“People like Anthony Fauci, whom I know and have worked with, I totally trust,” Obama said. “So if Anthony Fauci tells me this vaccine is safe and he can vaccinate, he knows he’s going to immunize you from getting Covid, I’m definitely going to take it.”
“I promise you that when it’s made for less vulnerable people, I will, too,” he said.
In the interview, Obama seemed to acknowledge the very real problem of vaccine hesitation, which could cause some health experts to worry that minorities — even more adversely affected by the coronavirus epidemic — could avoid being shot.
“I understand you know historically – all the way to the Tuskegee experiments and so on – why the African American community is skeptical. But the thing is, we don’t do it because of the vaccines,” we don’t have polio anymore, that’s why we don’t have a lot of children, who is dying of measles, smallpox, and diseases that have previously decimated entire populations and communities, ”he said.
The former president said he had no problem setting an example of getting the shot once it was available.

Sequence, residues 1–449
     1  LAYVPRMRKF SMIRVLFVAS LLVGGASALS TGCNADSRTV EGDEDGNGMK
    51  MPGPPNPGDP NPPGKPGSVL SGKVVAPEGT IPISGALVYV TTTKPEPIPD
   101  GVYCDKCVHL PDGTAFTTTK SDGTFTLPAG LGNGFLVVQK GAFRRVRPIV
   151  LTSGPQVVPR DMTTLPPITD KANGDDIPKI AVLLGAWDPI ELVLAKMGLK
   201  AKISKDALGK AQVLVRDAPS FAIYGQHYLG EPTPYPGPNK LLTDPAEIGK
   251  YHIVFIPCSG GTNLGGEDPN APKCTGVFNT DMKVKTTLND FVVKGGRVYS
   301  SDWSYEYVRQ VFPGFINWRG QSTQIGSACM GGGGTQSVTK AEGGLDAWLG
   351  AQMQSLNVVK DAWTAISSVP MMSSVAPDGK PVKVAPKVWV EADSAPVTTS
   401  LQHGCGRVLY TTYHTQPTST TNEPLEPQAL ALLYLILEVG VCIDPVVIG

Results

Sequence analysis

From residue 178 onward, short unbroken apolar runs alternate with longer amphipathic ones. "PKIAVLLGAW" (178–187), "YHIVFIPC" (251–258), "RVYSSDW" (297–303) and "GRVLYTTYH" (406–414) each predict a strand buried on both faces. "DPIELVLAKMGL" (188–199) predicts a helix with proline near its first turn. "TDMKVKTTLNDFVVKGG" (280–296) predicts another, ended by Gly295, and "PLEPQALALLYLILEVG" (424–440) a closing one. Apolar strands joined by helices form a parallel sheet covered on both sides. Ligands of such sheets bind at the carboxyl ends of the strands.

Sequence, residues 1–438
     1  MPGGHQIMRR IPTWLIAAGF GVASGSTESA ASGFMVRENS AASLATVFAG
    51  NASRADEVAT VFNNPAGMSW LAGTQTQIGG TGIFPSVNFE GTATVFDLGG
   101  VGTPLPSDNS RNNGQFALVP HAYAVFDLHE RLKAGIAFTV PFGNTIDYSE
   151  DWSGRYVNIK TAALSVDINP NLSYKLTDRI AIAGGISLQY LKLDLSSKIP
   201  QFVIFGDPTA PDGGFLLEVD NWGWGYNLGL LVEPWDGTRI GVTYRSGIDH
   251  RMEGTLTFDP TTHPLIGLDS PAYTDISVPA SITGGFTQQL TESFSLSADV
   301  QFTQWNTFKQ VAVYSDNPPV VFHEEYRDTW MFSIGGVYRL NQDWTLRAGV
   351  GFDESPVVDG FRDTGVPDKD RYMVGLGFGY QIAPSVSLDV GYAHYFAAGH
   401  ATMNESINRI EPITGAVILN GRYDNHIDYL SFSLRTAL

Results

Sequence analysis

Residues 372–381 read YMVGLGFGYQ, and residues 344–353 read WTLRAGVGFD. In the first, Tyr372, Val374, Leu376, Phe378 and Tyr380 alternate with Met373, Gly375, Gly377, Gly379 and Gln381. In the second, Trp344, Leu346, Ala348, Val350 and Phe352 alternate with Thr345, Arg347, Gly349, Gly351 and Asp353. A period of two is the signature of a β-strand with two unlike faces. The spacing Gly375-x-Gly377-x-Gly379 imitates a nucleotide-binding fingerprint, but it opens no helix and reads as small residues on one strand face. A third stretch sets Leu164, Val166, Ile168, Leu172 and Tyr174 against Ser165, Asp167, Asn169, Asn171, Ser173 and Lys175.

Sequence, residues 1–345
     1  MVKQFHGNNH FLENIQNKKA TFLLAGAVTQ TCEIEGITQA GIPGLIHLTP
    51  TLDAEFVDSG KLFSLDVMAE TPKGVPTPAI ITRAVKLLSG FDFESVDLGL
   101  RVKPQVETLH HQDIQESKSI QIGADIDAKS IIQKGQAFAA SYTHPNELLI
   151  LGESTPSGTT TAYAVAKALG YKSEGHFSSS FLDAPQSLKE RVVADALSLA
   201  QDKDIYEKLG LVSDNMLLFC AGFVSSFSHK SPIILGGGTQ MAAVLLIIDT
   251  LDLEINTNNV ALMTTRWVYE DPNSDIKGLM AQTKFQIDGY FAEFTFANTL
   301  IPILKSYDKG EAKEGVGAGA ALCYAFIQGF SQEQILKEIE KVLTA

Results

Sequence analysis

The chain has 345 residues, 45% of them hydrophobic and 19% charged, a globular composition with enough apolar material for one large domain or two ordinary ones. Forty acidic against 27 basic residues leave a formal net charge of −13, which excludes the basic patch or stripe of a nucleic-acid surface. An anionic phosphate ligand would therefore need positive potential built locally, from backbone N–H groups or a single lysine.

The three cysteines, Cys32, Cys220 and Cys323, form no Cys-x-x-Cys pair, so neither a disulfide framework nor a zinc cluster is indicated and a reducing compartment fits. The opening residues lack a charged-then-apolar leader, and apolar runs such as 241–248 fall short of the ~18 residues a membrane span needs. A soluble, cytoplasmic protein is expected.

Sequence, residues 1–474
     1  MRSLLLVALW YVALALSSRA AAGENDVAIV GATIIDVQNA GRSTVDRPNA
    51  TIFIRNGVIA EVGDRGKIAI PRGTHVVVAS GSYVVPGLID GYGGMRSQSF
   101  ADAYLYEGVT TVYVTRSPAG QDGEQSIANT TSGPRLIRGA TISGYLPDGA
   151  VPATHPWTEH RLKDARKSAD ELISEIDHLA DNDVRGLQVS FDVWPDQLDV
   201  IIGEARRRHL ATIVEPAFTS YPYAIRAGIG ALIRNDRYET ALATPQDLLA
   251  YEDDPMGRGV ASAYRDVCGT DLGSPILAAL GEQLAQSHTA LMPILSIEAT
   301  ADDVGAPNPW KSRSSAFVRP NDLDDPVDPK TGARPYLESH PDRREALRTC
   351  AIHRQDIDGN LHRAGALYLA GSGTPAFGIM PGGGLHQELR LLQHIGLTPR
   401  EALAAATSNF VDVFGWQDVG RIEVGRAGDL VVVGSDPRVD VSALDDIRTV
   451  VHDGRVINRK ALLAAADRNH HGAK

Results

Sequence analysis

“I may buy or film on TV just so people know I trust this science and what I don’t trust is getting Covid,” he said.
Previous studies have shown that minority communities have higher mortality rates than Covid-19, are more exposed due to pre-existing conditions, and are partly the most vulnerable.
Obama also said that in addition to promising vaccinations, another reason for hope is the incoming administration with President-elect Joe Biden and Vice-President Kamala Harris.
“As for Covid, obviously at the end of the day, one of the great things is that on January 20, Joe Biden and Kamala Harris will be in charge again, and then scientists and medical experts will be held accountable,” Obama added.